on 10 September 2001
Whether 'Sancta civitas' or 'Dona nobis pacem' is the greater work is subject to debate. But both receive first-rate recordings on this disc.
Hickox's recording of "Dona nobis pacem" is excellent (I rate it second, just a shade behind the late Robert Shaw's on Telarc); the singing is first-rate throughout, and the finale is a roller coaster of emotions, from fear to joy to quiet dignity. Yvonne Kenny in particular handles her solos effortlessly.
Hickox's 'Sancta' will be, almost without question, the standard for any future recordings of the work. Using all the forces RVW recommended--especially the organ--the net result is incredible: the finale, "Heaven and earth are full of thy glory," is simply overwhelming, an incredible onslaught of sound, followed by one of the great surprises in all of 20th century music. And there are moments of great beauty as well: "Babylon the great is fallen" is a hushed lament (handled with even more skill than Walton's setting of the same text in "Belshazzar's Feast"), while "And I saw a new Heaven" is simply ravishing.
I recommend this CD highly and without reservation.
on 25 February 2005
Neither work is particularly well known, even among enthusiasts for Vaughan Williams music. Don't let that put you off. Both are original and gripping works and Sancta Civitas is an extraordinary piece unlike any other work I know. It is the work in which the composer found the unique colours and dissonance that would lead to works like Job and the Fourth Symphony and is, perhaps, even finer than those great works. It is certainly original. The only previous recording that came anywhere near to doing the work justice was that conducted by Sir David Willcocks. This new account is in the same class and has the benefit of a superb modern recording that the earlier record cannot match. I genuinely believe that Sancta Civitas is one of Vaughan Williams' most under-rated works. Dona Nobis Pacem is also given a great performance here. This marvellous work was very popular before the Second World War and the tone of anguish and resolve is very special. The soloists are superb, the choir and orchestra unusually well balanced and Hickox paces both works to perfection.
These works were composed (Sancta Civitas in the mid 1920s, Dona Nobis Pacem in 1936 to mark the 100th anniversary of the Huddersfield Choral Society) at the time when Vaughan Williams was leaving behind the pre-1914 certainties of the pastoral idyll, reflecting both his experience of the conflict and the uncertainties of the inter-war period and the continuing threat of war. I feel they're very much a pair that can be set alongside his 4th symphony, the cross rhythms and clashing harmonies pointing up the mood of unsettlement.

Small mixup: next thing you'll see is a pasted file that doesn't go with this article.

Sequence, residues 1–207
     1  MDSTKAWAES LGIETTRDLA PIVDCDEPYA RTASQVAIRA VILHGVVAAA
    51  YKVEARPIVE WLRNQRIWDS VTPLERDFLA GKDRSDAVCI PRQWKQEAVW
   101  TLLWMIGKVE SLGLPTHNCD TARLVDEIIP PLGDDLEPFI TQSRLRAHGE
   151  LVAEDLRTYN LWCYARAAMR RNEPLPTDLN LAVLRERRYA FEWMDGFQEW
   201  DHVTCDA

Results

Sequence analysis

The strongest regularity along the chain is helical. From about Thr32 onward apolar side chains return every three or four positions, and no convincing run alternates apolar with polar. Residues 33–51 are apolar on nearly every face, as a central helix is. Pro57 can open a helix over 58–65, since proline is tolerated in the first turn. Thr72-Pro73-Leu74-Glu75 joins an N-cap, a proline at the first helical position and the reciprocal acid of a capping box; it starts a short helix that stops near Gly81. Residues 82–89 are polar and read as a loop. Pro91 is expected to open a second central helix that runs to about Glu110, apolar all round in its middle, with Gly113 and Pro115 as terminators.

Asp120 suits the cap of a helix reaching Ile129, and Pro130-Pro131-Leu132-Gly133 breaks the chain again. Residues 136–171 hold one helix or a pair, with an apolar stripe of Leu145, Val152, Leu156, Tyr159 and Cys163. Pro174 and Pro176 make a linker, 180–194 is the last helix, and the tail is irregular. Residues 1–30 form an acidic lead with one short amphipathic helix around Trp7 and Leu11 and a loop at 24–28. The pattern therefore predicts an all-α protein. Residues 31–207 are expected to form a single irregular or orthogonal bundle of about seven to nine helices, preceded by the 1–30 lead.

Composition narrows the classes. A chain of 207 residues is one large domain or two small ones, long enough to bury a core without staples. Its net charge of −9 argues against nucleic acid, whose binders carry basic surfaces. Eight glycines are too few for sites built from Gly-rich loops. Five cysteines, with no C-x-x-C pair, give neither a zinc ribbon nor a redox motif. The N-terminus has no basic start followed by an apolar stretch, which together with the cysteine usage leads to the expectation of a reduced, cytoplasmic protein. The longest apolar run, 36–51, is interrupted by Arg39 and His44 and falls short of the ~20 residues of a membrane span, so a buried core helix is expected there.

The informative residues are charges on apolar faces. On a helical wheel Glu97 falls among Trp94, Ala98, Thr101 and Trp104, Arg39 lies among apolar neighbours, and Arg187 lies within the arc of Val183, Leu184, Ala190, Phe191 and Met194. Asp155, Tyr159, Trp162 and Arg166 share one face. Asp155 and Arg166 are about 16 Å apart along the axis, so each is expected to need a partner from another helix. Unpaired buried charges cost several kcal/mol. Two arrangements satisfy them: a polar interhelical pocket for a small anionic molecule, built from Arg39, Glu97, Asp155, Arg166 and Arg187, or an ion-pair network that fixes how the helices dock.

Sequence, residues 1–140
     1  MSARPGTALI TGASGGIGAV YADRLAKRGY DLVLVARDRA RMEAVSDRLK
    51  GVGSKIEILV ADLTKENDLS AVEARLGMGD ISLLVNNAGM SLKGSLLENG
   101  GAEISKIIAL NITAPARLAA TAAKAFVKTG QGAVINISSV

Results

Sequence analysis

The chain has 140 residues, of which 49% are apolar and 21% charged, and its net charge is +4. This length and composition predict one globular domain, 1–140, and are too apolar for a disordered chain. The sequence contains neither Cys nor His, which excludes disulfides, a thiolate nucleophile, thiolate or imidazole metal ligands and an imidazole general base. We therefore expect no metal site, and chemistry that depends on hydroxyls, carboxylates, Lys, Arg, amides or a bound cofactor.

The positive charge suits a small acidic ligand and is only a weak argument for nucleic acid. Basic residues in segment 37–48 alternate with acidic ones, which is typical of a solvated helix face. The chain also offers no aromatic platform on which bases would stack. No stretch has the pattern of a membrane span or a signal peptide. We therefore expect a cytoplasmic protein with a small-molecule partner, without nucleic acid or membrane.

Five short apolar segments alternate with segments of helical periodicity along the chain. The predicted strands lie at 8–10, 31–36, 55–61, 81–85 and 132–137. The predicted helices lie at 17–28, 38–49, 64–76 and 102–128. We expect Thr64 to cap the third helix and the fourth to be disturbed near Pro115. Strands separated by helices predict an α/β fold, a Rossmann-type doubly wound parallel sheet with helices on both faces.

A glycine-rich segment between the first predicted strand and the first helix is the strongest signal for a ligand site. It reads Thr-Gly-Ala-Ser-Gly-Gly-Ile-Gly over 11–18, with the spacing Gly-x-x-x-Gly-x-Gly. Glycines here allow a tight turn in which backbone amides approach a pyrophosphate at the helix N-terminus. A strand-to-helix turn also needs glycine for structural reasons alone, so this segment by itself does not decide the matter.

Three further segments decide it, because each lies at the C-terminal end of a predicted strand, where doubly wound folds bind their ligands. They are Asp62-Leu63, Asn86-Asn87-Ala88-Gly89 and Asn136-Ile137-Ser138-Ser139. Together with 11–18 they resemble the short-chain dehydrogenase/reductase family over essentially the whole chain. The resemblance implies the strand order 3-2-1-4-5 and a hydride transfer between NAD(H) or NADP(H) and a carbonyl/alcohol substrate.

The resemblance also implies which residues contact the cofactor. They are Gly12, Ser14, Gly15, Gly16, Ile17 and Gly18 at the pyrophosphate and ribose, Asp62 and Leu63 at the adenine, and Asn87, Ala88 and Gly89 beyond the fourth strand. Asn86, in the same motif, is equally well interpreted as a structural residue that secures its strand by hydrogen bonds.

Personally, I prefer the choral swoops and flows of the later piece, rather than VWs own favourite Sancta, but there's a lot to enjoy in both. The recording (from 1992) is absolutely top notch, the depth to the choral sections, the separation of the excellent soloists Yvonne Kenny, Bryn Terfel and Philip Langridges all excellent. Must have recording, now at a bargain price.
on 19 April 2009
... you will perhaps recognise and approve of the first couple of minutes of Dona nobis pacem. Yvonne Kenny is superb and partners the incomparable Welshman Bryn Terfel.
Thereafter you forget Gorecki and are deeply embroiled in that special world that is English music, and that even more special world that belonged to Vaughan Williams and now to all of us.
Such concentrated elevation of spirit.
If you know VW only by the trenchant symphonies and the spiralling lark and the inspirational Tallis setting, then give yourself a surprise treat and try this out!
If you had any doubts about the greatness of this composer these settings will set your mind straight.
Thankyou and RIP to Richard Hickox for bringing these works to us.
This recording of VW’s cantata ‘Dona Nobis Pacem’ and oratorio ‘Sancta Civitas’ by Richard Hickox and the LSO was made in 1992. The sleevenotes include the libretti.
The first, mixing Christian texts with the words of the profound American poet Walt Whitman, was completed in 1936. It is a good performance, the ‘Reconciliation’ movement being especially good, living up to Whitman’s words “beautiful as the sky”.
The second, of 1926, is again a good rendition, warm even in its supposed desolation. Here, though, despite the splendid interpretation, despite the vigour, the great beauty, and the commitment of the performers, the sound is somewhat flat with the subtleties in the orchestra not exploited to the full.
Nevertheless, this CD is highly recommended.
on 13 September 2001
THIS UNDERATED CHORAL WORK REALLY (IN CRUDE WORDS) BEAT, MANY XX CENTURY CHORAL MUSIC, LIKE PSALMS SYMPHONY OR CANTATA PROFANA, ETC. TERFEL BREATHS COMPASIOM IN EVERY WORD FOR THOSE WHO DIED IN BATTLE. THE CHORUS AND ORCHESTRAL DISPLAYS A RARE AND UNIQUE COMMITMENT. YOU MIGHT HAVE THIS!